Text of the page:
Although most forms of meditation are rooted in religious and spiritual traditions, millions now practice purely for the enhancement of their health and well-being. This latest investigation found that loss of brain volume due to aging is less significant in habitual meditators compared to their non-meditating counterparts.
The reality is that rebounding and finding your mojo once more after a significant setback, failure or loss involves a lot more than simply "shaking it off" no matter what Taylor Swift says. It takes some essential and necessary stages and actions that if missed will keep you stuck, and stop you from learning and growing from the experience, which no matter how unpleasant is a rich opportunity for personal growth.
Even though I've been clean and sober now for almost 18 years, without a doubt, I continue to move through life with the mind of an addict. For me, learning how to "soften into things" means learning how to quiet my ego, the presence that convinces me that in order to build myself up, I need to tear someone else down.
In August 2010, I was attending week three of a youth conference and found myself deep in meditation, sobbing as if I had just emerged from the womb. Here I was, in the middle of Berlin deep in meditation, with the photo of an older Indian man with long hair and in white robes at the front of the room, feeling at my very core that my life was about to change dramatically.
I happily stumbled across a post, on how to save time by doing less. I am all about doing more with less and exploring ways to simplify. It's what I practice and preach. This list resonated with me and serves as an excellent reminder to be the best you can be and focus on your priorities, what really matters.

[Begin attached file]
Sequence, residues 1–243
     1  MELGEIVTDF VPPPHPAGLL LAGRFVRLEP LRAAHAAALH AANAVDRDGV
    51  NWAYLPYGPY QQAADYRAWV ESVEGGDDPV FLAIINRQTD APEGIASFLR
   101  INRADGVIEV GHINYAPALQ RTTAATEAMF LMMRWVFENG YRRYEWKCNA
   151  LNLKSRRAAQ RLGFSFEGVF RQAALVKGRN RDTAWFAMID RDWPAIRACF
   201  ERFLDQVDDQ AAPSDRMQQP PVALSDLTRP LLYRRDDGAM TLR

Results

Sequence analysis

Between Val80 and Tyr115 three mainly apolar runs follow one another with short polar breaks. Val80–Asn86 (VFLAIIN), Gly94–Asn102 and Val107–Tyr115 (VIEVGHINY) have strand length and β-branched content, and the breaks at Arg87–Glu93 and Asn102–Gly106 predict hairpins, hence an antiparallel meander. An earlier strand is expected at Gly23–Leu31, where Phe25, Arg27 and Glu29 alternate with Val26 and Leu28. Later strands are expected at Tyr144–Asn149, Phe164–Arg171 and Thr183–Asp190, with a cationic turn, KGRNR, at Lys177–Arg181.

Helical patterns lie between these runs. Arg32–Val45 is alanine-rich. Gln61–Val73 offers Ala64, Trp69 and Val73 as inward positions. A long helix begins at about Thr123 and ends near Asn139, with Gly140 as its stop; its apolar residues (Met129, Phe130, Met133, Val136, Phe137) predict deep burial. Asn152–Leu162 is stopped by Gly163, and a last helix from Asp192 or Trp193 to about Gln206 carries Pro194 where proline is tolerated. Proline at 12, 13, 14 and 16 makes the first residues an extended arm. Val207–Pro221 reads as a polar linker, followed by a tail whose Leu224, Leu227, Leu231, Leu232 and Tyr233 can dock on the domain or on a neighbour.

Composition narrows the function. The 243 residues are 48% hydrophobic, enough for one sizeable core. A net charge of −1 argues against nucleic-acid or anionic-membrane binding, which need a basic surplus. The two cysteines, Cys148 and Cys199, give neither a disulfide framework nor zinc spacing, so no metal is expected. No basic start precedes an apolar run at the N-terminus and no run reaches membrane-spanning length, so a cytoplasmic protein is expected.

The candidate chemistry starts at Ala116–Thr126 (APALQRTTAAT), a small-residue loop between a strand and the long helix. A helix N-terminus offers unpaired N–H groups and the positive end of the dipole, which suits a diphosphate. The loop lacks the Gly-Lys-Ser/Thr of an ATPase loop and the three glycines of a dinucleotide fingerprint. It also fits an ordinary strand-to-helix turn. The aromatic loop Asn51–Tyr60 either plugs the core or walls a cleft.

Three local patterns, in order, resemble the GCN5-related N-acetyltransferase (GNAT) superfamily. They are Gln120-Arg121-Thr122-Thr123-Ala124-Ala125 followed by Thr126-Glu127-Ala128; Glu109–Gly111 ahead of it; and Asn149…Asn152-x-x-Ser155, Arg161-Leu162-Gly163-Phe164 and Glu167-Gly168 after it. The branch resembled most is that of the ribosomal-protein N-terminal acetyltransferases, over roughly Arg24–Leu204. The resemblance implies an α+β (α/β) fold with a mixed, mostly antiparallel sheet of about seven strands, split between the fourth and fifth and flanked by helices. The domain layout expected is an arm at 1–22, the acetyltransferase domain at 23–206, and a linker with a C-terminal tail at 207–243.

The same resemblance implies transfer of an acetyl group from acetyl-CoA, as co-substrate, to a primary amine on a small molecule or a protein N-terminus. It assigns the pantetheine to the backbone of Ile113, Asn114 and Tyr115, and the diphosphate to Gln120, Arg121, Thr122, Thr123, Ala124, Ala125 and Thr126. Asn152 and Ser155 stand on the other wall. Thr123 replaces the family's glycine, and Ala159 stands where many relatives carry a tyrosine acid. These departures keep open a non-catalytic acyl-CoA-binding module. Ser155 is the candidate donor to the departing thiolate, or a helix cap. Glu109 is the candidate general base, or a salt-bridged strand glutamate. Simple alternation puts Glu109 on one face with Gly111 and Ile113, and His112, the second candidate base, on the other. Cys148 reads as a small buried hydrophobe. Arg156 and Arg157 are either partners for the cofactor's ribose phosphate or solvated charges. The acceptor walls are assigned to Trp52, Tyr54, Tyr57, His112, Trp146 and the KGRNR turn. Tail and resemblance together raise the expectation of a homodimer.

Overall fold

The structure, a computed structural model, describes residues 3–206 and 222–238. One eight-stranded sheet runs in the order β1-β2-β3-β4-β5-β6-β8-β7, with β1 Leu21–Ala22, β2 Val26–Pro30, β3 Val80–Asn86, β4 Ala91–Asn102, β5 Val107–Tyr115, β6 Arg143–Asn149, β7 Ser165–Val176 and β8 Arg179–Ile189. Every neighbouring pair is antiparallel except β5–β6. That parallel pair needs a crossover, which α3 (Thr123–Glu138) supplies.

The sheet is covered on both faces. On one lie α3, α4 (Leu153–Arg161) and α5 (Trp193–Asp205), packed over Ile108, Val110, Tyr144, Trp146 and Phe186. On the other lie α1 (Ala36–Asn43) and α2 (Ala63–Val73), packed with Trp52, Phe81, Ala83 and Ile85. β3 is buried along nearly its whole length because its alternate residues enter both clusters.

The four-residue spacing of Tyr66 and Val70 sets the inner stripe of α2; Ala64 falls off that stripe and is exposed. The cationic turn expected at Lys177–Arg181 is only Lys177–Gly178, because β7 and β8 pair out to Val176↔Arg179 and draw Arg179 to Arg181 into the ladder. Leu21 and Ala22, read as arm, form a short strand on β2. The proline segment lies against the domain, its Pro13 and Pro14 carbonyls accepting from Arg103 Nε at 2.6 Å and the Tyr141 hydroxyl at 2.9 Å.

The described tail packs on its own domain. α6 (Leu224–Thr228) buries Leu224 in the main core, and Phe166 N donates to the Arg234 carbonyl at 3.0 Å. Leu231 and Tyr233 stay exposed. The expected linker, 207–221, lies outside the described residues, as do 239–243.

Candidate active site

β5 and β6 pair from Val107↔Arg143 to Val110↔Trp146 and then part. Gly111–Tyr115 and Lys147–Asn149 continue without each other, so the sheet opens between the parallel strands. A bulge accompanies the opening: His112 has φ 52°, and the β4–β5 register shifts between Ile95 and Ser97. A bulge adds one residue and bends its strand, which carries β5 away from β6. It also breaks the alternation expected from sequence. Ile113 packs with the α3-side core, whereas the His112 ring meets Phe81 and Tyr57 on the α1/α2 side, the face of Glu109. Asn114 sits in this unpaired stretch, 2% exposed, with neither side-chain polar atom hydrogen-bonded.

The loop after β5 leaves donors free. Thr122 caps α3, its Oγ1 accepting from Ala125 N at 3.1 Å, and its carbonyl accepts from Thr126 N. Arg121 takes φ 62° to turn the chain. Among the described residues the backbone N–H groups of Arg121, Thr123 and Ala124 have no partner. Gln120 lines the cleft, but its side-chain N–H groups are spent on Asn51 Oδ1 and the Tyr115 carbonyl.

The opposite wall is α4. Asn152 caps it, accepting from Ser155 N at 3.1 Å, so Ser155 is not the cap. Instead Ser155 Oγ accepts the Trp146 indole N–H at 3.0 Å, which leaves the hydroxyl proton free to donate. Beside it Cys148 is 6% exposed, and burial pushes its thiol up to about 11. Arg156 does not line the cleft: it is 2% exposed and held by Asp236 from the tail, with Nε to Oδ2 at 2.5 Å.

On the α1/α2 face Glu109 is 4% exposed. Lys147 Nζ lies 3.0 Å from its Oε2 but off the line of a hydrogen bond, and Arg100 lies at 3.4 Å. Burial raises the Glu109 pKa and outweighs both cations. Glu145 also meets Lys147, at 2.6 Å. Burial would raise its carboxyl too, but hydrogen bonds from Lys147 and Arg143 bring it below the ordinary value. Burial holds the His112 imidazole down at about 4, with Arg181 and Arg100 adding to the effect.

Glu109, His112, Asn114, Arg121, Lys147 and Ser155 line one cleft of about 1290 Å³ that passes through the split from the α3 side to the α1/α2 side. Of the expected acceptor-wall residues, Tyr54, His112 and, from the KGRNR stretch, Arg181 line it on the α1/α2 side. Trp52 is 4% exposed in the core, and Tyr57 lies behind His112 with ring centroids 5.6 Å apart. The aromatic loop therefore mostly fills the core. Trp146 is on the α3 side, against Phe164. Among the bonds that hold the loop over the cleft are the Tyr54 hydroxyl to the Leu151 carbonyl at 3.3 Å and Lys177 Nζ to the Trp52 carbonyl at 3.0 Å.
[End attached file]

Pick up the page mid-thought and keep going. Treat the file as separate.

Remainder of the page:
Computers afford us a lot, and social media has its pluses and minuses, but what the Internet can't truly replicate is the spirit when all our senses are engaged and we are participating in life outside the screen. That's what's missing. That's why there's less time for living. Here's how to use social media and create a balance so that you enjoy the moments of living more fully.
It was the year 2000. I was at my first 'real' job with a major international company. I thought this is my time, my career would finally be launching and I would be living the professional life, having it all. Instead, I worked long hours, gained weight and was under a tremendous amount of stress. A few months later, I ended up taking a stress leave from the job.
It's been a month since my wife gave birth to a beautiful baby girl and WOW has it been a learning experience! Changing diapers at 3 a.m., figuring out how to sterilize bottles, bathe the little one, strap her into the car seat, and rock her to sleep. One of my personal heroes, Ram Dass, once asked his guru "How can I attain enlightenment?" His guru replied: "Feed people and serve people." OK.
Life on the fast lane takes its toll. I am so used to going at high speed, that to amble along in the slow lane is challenging. But as you whiz along, you miss out. You miss seeing the natural beauty around you. You miss socializing with friends, or just being on your own, with time to reflect and catch your breath.
With the news programs blaring the most recent political scandals, it's hard to remember that there are positive things happening in the world and leaders who are inspiring heart-centred change. It's integral that we maintain a healthy, higher perspective about what really matters and share it with our communities.
If you had told me 10 years ago that I would become a believer in the power of yoga, I would have laughed at you. I would have laughed long and loud before telling you to go back to the hippie colony from whence you came. Back then, yoga was nothing more than a trend to me, a trend that bred an army of vacant, granola-crunching women who were evolving into bizarre contortionist people. I wanted no part in it.